There are people who have a perspective on gender that is narrow and specific, so for them the idea of a transgender person is an emotional and cultural assault. I think it’s usually not about religious doctrines—I’ve found many religious communities that are strong supporters of transgender people. A lot of religious people hear and feel salience in the notion that “God made me a girl, but then my body did not follow instructions.” Often religious communities support people trying to align themselves physically with what they feel God intended for them.

So, for those who feel assaulted by the idea of transgender people, I think it’s more about inherited cultural values and expectations than religion. We often grow up tied to our culture’s gender structures, without much evidence as to why. In that case, it’s hard to break through unless something happens that makes them question those values and structures.

Do you have any predictions on what we’ll see in terms of both the politics of SB6 and the culture as relates to transgender students?

I would never underestimate how conservative the legislature is, so I would really be stunned if the bill doesn’t pass. But that said, the way our school districts run is somewhat independently, so the implementation might vary a lot.

It’s an interesting time to be alive and looking at these issues. And overall, I think we are coming into a time of more openness. I see us swinging toward openness and acceptance among young people toward each other and toward diversity in terms of gender and sexuality. The current political climate is about reacting to that swing toward openness, and we may lose some footing for a while, but in the long run, openness and compassion and diversity will overcome.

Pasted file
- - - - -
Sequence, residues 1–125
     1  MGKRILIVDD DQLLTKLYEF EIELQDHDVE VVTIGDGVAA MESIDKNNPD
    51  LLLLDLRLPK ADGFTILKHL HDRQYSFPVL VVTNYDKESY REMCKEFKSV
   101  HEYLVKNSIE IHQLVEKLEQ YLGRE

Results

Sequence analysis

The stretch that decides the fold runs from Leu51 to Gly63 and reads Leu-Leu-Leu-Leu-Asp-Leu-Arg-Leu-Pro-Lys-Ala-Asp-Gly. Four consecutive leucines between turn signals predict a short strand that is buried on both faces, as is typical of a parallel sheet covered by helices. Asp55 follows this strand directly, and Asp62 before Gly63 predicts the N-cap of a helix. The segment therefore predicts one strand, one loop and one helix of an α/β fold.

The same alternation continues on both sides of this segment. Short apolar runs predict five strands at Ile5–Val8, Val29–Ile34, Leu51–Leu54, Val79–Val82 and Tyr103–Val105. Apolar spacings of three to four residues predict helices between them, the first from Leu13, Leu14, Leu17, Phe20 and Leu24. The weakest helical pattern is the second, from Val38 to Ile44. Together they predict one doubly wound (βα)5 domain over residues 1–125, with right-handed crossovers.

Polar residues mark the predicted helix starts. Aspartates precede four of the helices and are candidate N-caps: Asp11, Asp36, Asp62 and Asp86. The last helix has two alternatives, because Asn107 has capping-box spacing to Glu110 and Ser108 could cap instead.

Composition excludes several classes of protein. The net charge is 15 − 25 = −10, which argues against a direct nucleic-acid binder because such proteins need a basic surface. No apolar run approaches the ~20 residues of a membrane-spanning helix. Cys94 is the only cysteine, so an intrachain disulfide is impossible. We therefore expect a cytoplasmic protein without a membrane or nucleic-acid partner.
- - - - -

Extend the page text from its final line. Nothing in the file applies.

Recommended Reading:

  • Sam Killermann, A Guide to Gender: The Social Justice Advocate’s Handbook, updated version due out March 8, 2017.
  • “Bathroom Bill” Legislative Tracking, National Conference of State Legislatures (updated regularly as new legislation is introduced); the site also includes some helpful explainers about the history of this type of legislation.
  • Niraj Chokshi, “One in Every 137 Teenagers Would Identify as Transgender, Report Says,” New York Times, February 23, 2017.
  • German Lopez, “Texas’s anti-transgender bathroom bill, explained,” Vox, January 5, 2017.
  • Carlos Maza, “Debunking The Big Myth About Transgender-Inclusive Bathrooms: Experts Call Bathroom Myth ‘Beyond Specious,’” Media Matters, March 20, 2014.
  • John Wright, “New Data Suggests ‘Bathroom Bill’ Would Burden Nearly All Transgender Texans,” Texas Observer, January 26, 2017.
  • “Understanding Transgender Access Laws,” New York Times, February 24, 2017.
  • Maria Danilova and Sadie Gurman, “Trump Administration lifts transgender bathroom guidance,” Austin American Statesman, February 22, 2017.
  • And some federal resources on bullying and LGBT youth are also available.

Finally,  for some good laughs with a Texas-style political edge, don’t miss this short web ad by Oscar-nominated Austin filmmaker Richard Linklater!